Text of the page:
This is the 226th post in my series that explores the most-used words in the top stories shared among Environmental Historians and Environmental Humanities scholars on Twitter each week. 

Here are the top articles among environmental historians and humanities scholars this past week (June 28, 2021 – July 4, 2021):

Monday: “Thirty Years to Catastrophe: The Climate Crisis and Neoliberalism” by Roberta Lexier, Network in Canadian History and Environment (NiCHE)


Tuesday: Inside Gun-Surrendering Criminal Mark McCloskey’s Very Sad St. Louis Rally” by Daniel Hill, Riverfront Times


Wednesday: “Florida enacts sweeping law to protect its wildlife corridors” by Douglas Main, National Geographic


Thursday: “Canada Day Statement: The History of Violence Against Indigenous Peoples Fully Warrants the Use of The Word ‘Genocide’,” Canadian Historical Association


Friday: 6-Month Junior Fellowships in Global Environmental History (FRIAS)” by Alessandro Antonello, Australian and New Zealand Environmental History Network


Saturday: Texas is seeing sunflowers everywhere this summer for unexpected reasons” by Katie Friel, My San Antonio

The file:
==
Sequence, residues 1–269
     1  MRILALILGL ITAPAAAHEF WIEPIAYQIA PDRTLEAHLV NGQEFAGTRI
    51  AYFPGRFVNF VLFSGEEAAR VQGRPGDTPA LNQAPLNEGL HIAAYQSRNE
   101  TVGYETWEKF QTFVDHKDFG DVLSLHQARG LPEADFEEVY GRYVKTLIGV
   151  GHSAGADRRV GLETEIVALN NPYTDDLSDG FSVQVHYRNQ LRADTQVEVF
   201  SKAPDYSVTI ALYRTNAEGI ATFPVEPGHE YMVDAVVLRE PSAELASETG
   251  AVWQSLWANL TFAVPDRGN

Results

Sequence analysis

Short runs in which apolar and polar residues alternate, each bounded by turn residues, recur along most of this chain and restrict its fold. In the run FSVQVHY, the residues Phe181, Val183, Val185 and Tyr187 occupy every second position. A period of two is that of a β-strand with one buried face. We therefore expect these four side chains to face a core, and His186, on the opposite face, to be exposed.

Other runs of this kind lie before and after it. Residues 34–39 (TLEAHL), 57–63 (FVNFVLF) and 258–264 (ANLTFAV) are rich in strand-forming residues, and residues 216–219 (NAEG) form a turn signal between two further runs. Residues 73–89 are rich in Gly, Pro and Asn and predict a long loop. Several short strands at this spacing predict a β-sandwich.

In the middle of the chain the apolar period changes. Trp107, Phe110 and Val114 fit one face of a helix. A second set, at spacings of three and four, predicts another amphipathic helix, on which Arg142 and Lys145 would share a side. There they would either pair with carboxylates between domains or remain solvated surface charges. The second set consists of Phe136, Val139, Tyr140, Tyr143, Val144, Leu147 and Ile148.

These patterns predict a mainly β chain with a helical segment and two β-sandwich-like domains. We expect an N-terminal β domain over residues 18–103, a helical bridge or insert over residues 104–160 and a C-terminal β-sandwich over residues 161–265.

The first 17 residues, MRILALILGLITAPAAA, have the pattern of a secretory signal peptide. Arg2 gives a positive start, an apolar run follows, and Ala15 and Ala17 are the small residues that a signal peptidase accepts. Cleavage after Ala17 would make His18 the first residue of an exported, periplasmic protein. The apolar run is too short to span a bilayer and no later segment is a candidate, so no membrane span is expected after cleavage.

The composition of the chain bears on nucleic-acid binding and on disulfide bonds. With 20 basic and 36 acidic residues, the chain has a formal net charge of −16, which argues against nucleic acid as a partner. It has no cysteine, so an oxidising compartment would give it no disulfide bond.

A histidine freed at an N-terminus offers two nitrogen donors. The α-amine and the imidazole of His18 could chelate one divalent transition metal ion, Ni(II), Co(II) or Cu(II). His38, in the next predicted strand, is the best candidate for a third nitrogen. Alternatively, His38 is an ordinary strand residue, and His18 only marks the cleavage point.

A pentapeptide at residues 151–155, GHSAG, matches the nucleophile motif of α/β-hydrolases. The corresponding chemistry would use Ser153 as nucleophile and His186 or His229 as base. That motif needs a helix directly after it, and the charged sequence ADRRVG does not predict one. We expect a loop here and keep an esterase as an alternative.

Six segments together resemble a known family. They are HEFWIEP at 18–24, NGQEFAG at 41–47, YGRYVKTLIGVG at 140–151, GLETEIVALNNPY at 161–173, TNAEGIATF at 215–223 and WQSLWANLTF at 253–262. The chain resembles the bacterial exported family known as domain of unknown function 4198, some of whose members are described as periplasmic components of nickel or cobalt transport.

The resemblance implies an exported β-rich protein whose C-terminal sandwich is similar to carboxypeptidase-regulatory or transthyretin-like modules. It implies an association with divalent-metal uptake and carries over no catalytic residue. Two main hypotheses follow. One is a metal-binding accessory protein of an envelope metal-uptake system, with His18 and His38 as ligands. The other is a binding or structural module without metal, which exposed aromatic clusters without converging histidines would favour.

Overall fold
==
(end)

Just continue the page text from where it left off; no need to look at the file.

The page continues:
Sunday: Massachusetts police arrest group of ‘heavily armed men’ claiming to ‘not recognize our laws’” by Rosa Sanchez and Marlene Lenthang, ABC News


Top Words

  1. Florida
  2. group
  3. state
  4. said
  5. Massachusetts
  6. corridor
  7. history
  8. says
  9. climate
  10. Indigenous
  11. police
  12. will
Florida, group, state

Published by Jessica M. DeWitt

Dr. Jessica M. DeWitt is an environmental historian of Canada and the United States. She is passionate about the use of digital technologies to bridge the gap between the public and researchers. In addition to her community and professional work, she offers various editing and social media consultancy services.

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